23. Review

A critical assessment or examination of something, such as a book, movie, or product. “Review” often involves analyzing the strengths and weaknesses of the subject.

  • For example, a film critic might write a review of a newly released movie.
  • A customer might leave a review of a restaurant on a website like Yelp.
  • A person might say, “I read a review that said the new smartphone has a great camera.”

24. Two cents’ worth

An expression used to indicate that someone is sharing their personal viewpoint or perspective on a matter. “Two cents’ worth” suggests that the opinion may not hold significant value.

  • For instance, in a discussion about politics, someone might say, “Here’s my two cents’ worth: I think we need more focus on environmental issues.”
  • A person might offer their two cents’ worth on a controversial topic like gun control.
  • Someone might say, “I’ll give you my two cents’ worth, but take it with a grain of salt.”

25. Wisecrack

A clever or witty remark made in a lighthearted or humorous manner. “Wisecrack” is often used to describe a quick, humorous comment.

  • For example, someone might make a wisecrack like, “I told my wife she should embrace her mistakes… she gave me a hug.”
  • In a comedy show, a comedian might deliver a series of wisecracks to keep the audience laughing.
  • A person might respond to a sarcastic comment with their own wisecrack.

26. Sketching

Sketching refers to the act of creating a rough or preliminary drawing. It is often used as a way to brainstorm ideas or plan out a more detailed illustration.

  • For example, an artist might say, “I always start my illustrations by sketching out the basic shapes and composition.”
  • In a tutorial on drawing, the instructor might explain, “Sketching is a great way to loosen up your hand and explore different ideas before committing to a final illustration.”
  • A student might ask, “Do you have any tips for improving my sketching skills?”

27. Inking

Inking is the process of adding ink or a similar medium to the sketch to create a more defined and finished illustration. It is often done using pens, brushes, or other tools specifically designed for inking.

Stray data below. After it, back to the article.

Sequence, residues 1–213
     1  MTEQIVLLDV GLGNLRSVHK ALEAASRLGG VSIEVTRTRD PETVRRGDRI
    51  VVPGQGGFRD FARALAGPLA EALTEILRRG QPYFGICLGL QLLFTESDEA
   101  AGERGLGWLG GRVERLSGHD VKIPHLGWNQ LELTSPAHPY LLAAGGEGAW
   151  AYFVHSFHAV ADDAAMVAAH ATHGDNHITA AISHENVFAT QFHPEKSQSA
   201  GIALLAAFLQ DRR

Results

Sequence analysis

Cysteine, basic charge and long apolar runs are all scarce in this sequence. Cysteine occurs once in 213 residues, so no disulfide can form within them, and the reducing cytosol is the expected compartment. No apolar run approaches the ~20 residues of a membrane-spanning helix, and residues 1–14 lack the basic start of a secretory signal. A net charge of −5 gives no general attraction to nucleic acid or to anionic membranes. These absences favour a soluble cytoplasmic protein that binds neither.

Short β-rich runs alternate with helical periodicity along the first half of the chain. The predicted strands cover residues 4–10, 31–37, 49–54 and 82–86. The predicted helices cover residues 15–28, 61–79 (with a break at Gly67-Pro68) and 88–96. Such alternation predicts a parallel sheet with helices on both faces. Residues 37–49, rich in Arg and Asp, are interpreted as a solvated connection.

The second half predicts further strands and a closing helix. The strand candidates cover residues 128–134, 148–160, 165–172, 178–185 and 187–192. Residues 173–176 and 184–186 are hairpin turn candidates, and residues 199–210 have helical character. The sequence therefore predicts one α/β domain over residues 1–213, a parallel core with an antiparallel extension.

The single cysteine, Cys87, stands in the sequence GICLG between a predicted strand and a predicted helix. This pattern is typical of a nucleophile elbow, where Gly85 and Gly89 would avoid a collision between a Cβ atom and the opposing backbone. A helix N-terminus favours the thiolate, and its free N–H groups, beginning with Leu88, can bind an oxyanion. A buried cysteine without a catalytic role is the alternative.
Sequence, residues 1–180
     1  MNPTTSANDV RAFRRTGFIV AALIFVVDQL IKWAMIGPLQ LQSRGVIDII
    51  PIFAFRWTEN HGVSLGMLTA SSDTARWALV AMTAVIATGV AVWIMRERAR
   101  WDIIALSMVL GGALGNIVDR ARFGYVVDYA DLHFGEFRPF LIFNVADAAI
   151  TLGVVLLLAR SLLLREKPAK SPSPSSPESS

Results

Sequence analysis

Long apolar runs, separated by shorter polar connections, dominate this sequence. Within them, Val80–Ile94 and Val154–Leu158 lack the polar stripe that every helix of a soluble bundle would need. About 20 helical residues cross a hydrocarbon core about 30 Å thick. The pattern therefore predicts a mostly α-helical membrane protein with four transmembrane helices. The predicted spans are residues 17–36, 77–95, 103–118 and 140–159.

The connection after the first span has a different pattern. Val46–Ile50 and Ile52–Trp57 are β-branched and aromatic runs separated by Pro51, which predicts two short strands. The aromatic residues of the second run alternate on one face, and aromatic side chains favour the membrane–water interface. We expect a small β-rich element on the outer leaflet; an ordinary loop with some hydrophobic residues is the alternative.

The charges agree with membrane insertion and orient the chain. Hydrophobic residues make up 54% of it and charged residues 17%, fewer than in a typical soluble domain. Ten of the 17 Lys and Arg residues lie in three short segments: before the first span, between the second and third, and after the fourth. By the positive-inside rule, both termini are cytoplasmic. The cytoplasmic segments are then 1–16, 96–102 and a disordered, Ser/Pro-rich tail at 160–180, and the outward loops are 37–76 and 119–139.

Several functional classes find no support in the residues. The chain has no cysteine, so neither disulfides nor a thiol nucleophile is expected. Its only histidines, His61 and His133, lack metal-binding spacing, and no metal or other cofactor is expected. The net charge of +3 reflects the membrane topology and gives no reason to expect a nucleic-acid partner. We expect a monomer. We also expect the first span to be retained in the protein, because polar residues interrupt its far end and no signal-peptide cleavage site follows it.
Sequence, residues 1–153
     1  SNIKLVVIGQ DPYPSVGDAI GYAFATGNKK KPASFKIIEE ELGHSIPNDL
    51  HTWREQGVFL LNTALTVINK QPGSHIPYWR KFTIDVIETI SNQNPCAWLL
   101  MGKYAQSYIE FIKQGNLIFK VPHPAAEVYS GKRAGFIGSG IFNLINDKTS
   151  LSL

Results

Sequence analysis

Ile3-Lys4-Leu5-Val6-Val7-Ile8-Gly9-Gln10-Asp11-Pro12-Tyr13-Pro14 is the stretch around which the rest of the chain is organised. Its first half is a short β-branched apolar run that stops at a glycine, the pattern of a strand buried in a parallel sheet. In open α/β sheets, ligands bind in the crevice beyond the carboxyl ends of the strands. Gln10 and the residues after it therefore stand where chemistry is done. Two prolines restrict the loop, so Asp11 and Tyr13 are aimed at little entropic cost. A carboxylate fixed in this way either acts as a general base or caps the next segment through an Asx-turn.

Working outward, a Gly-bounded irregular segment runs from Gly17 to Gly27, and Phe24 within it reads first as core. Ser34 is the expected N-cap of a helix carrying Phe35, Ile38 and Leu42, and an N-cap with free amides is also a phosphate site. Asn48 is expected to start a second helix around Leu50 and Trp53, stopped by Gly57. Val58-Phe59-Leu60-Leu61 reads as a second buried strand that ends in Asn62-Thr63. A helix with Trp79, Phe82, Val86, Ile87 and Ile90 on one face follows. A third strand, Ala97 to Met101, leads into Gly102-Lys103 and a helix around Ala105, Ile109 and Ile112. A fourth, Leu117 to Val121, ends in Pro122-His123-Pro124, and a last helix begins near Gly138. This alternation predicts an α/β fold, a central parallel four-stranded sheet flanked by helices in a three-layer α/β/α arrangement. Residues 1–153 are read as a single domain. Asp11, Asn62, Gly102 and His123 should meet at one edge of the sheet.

• For instance, a comic book artist might say, “I spend a lot of time inking my illustrations to give them a polished look.”
  • In a discussion about traditional illustration techniques, someone might mention, “Inking with a dip pen can create beautiful line variations.”
  • An illustrator might post a time-lapse video of their inking process on social media.

28. Oil

Oil refers to a type of paint that uses oil as a binder. It is a popular medium for creating illustrations and artwork due to its rich colors and ability to blend and layer.

  • For example, an artist might say, “I love working with oil because it allows me to achieve a wide range of textures and effects.”
  • In a tutorial on oil painting, the instructor might explain, “Start with thin layers of paint and gradually build up the layers to create depth and dimension.”
  • A gallery might feature an exhibition of oil illustrations by local artists.

29. Watercolor

Watercolor is a painting method in which the paints are made of pigments suspended in a water-based solution. It is known for its transparent and luminous effects, making it a popular choice for illustrating landscapes, botanicals, and other subjects.

  • For instance, an artist might say, “I enjoy the spontaneity of watercolor and how the colors blend and flow.”
  • In a workshop on watercolor techniques, the instructor might demonstrate, “Try wet-on-wet painting for soft, blended backgrounds.”
  • A watercolorist might share their latest illustration of a vibrant flower garden on social media.

30. Acrylic